New app's access rights explained

November 16, 2020

The Office of the Government Chief Information Officer today said that the Government upheld the principle of protecting personal data privacy when it designed the LeaveHomeSafe exposure notification mobile app.


The office made the statement in response to media reports on the access rights of the mobile app, including access to photos and media, files and storage space, modification or deletion of content, and access to Wi-Fi networks and network permissions.


It said the mobile app assists the public in recording the date and time for checking into and leaving different venues by scanning the venue QR code or the registration mark located on taxi doors.


The app requires the camera function of the mobile phone to scan the venue QR code and the taxi registration mark. After scanning, relevant check-in data, including the venue name and address, taxi registration mark, date, arrival and departure time, will all be stored in the mobile phone.


The app therefore requires permission to access the phone’s camera and storage.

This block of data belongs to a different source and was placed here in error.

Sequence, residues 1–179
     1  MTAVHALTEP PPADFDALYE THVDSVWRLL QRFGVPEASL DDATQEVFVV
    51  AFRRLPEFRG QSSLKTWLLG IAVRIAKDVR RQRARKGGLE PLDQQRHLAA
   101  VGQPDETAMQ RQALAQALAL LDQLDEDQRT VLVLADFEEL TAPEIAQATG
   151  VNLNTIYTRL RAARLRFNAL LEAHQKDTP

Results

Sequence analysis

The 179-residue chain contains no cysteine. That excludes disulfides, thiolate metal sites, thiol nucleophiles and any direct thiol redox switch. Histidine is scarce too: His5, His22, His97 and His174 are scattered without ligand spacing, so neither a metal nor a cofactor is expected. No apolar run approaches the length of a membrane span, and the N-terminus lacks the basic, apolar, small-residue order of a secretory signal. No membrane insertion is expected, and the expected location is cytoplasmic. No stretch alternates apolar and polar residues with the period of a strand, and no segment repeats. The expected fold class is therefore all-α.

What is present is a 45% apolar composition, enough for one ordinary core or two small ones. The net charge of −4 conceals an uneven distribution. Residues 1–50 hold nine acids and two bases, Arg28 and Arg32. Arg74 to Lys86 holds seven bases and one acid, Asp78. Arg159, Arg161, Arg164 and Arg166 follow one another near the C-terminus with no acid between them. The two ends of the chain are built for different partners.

Additionally, cloud-based optical character recognition technology is used to scan the taxi registration mark.


Text images captured by the camera will be converted to text files for storage. The mobile app will delete relevant images instantly and the user's check-in data will also be erased automatically after 31 days. The mobile app thus requires access permissions to mobile networks, Wi-Fi networks, as well as media and files to protect users’ privacy.


Noting that the Centre for Health Protection has been releasing information on premises visited by patients of confirmed COVID-19 cases in the form of open data, the OGCIO said the app needs to run in the background to download the centre’s data to compare it with users’ venue check-in data regularly to notify users who have visited the same venue as a COVID-19 patient.


Hence, the mobile app requires network access, Wi-Fi access and relevant permissions in allowing the app to run in the background and send notifications when needed.


Moreover, the app would perform checks with access permission to retrieve running apps under device and app history, to ensure previous data download tasks have been completed, and that the correct version of the data has been retrieved.


The OGCIO stressed that the Government understands public concerns over privacy.


It said the designs of the Android and iOS app versions are the same, adding the app only needs the least amount of access permissions to operate smoothly. The app has also passed Google and Apple’s relevant code reviews.


The Government recognises public concerns over the access permissions that the mobile app uses and the office will continue to explain to the public and encourage more people to use the app to minimise the risk of virus transmission, the OGCIO added.

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